We should be very careful where and who we draw our inspirations from in this world. Acknowledging athletic accomplishments, academic excellences, and job achievements are all wonderful opportunities to show appreciation to those who have earned them. Yet, we must be careful when looking up to these figures. We must esteem those who receive such honors with extreme selection. The manner in which these honors are received are more telling of an individual's character than the success that led to the recognition itself.

And although we are encouraged, inspired, and challenged by such people for their accomplishments, they should never become our aim. They should never become our model. They should never become our ambition. Rather, we should, "fix our eyes upon that you will not grow weary and loose heart." (Hebrews 12:3)

It was a wonderful thing for me (and others like me) to be inspired by the amazing feats that Jordan accomplished on the court. As I grow in my walk with the Lord, however, it becomes increasingly clear that Jesus Christ is the only one deserving of my heart's aim. And instead of a commercial song encouraging me to "be like Mike", I can truly say, with all of my heart, that I want, I want, I want to be like Jesus! Corny, but true.

Let us make our aim in life the person of Jesus Christ. Let us fix our eyes upon Him alone. Amen.

1 comment:

The Prophet said...

sábado 12 de septiembre de 2009

In memory of the people of the United States still remains fresh suffered the fatal attack this nation in the hands of terrorists, and which claimed the lives of thousands of people and many places were destroyed, as are the buildings known as "The Twin Towers, "and was also damaged the Pentagon.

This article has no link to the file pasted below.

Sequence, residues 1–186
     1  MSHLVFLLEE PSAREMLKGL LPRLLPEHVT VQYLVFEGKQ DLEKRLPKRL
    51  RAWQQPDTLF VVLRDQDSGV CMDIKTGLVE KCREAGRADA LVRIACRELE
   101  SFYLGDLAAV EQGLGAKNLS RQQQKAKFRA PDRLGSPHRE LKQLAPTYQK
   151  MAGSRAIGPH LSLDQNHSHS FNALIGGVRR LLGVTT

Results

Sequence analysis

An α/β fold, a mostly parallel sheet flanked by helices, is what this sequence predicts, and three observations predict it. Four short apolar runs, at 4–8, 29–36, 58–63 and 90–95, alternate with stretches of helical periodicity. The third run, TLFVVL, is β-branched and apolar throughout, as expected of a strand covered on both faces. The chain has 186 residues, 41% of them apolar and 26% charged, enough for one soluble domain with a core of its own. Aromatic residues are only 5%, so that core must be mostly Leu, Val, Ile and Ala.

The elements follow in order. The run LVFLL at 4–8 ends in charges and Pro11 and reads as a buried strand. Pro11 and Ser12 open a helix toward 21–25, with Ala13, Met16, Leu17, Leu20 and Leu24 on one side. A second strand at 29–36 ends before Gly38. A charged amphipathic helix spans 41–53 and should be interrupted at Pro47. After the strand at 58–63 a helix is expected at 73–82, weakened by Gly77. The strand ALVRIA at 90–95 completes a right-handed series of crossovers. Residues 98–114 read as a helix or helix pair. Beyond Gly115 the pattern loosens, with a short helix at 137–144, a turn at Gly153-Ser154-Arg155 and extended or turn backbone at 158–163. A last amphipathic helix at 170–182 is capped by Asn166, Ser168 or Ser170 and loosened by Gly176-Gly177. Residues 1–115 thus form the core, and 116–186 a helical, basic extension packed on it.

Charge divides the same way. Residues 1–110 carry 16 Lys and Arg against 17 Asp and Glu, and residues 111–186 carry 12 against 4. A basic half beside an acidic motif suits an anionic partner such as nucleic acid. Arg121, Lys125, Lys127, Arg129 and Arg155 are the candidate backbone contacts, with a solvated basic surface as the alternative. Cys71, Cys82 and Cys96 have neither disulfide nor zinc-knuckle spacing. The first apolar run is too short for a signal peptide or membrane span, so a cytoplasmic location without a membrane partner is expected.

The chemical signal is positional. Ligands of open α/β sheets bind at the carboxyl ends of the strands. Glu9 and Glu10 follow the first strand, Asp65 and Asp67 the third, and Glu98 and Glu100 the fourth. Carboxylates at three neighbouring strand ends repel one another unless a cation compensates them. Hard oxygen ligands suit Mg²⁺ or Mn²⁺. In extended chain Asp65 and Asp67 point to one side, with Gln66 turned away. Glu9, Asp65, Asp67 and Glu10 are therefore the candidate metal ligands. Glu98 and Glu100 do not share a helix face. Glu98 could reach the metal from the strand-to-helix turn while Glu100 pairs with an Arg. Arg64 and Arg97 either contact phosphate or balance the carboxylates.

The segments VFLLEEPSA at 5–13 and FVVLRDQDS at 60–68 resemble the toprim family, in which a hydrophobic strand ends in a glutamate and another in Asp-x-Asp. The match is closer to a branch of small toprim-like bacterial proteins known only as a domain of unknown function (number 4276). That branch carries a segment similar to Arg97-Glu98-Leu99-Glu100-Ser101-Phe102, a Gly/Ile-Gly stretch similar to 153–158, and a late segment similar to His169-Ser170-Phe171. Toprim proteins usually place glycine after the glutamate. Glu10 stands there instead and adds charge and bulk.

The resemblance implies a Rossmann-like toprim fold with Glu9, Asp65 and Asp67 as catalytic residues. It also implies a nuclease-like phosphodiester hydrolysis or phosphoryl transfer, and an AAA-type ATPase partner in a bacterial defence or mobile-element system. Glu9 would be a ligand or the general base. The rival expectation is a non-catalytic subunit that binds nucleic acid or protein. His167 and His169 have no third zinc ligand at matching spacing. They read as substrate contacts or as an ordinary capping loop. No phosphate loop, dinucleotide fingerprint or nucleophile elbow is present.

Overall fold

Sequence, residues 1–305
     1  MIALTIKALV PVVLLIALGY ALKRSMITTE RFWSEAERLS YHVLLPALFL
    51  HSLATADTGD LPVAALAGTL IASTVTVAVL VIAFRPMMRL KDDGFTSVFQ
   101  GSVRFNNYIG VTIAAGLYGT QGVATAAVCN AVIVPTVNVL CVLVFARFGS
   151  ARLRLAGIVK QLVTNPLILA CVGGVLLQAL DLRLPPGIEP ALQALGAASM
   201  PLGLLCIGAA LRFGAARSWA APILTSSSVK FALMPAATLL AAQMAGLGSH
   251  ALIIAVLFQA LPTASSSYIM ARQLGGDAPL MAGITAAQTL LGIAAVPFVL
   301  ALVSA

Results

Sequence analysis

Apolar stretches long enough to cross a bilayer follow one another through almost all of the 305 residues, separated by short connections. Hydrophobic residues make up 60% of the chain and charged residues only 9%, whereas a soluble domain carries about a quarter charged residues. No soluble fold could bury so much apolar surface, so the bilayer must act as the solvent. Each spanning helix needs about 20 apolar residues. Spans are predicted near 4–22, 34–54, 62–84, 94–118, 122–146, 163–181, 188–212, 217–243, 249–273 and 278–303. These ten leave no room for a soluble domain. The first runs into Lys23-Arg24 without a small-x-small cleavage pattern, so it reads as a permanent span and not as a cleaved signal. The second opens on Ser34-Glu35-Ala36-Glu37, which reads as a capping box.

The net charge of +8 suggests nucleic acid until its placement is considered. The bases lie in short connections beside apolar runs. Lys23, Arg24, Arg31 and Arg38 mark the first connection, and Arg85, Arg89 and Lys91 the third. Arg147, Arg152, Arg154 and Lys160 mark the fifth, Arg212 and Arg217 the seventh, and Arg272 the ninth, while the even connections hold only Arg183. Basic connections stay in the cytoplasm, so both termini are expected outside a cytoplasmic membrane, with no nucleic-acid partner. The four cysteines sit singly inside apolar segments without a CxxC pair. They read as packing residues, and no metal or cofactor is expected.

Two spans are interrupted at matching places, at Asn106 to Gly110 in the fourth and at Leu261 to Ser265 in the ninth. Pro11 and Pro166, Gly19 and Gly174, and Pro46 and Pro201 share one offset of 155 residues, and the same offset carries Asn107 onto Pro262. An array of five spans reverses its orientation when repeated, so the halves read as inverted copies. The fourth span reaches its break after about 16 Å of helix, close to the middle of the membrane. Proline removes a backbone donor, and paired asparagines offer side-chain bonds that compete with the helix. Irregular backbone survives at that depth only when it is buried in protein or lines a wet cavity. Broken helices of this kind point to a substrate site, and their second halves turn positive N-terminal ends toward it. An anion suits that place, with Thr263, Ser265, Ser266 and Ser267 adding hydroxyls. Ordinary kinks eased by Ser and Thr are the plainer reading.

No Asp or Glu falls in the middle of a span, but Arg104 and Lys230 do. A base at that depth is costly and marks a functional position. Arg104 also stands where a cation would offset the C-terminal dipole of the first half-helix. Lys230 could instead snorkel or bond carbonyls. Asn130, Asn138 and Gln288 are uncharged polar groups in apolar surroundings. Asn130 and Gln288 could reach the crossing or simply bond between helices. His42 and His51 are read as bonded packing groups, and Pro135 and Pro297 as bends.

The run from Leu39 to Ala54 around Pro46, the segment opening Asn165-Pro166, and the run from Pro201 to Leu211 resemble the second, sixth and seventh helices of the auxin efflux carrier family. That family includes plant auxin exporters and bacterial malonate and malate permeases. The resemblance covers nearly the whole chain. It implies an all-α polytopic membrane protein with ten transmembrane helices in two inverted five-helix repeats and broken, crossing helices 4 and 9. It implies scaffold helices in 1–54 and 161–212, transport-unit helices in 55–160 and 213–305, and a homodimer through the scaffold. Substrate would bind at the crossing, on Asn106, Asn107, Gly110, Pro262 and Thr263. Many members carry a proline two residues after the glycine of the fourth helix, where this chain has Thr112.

But quite apart from the coverage that was given to this subject from the earthly prespective, there are some questions from a spiritual perspective on What was on September 11?, Was God's punishment on the United States?
Yes, although many evangelical leaders refuse to accept it.
This is a very grim decade for the American nation. Since the disaster that Hurricane Katrina ocacion THEREFORE with loss of thousands of lives, passing on September 11, and now with the AH1N1 influenza pandemic which has already caused hundreds of deaths and putting the United States as one of the countries with the highest rate of deaths in the world, all this suggests that even if God is punishing this nation.
But this punishment could be accentuated now approaching the winter season.
The United States were a nation at a time reflecting the glory of God now seems to be a nation defiled by sin, had been a nation that reflected blessing but now seems to reflect a curse on her, had been a hospitable nation, but now it seems be a nation full of pride. The Bible says that "God resists the proud" (James 4, 6) and the only way to resist a nation pride is punished.
The terror, hunger, and death, seem to be a trilogy of punishing blows that are the pride of this nation, and would be tragic if the U.S. persists in its arrogance, rather than humble themselves before God.
The future of the United States is not in their intelligence services to protect them from future terrorist attacks or political reforms to curb unemployment and hunger, or health systems to protect them from death by influenza AH1N1, but rather in Christian churches they call God tirelessly to stop his punishment.
But if the evangelical denominations are spiritually poor is likely that the future of the United States in the next few years is of a darker hue.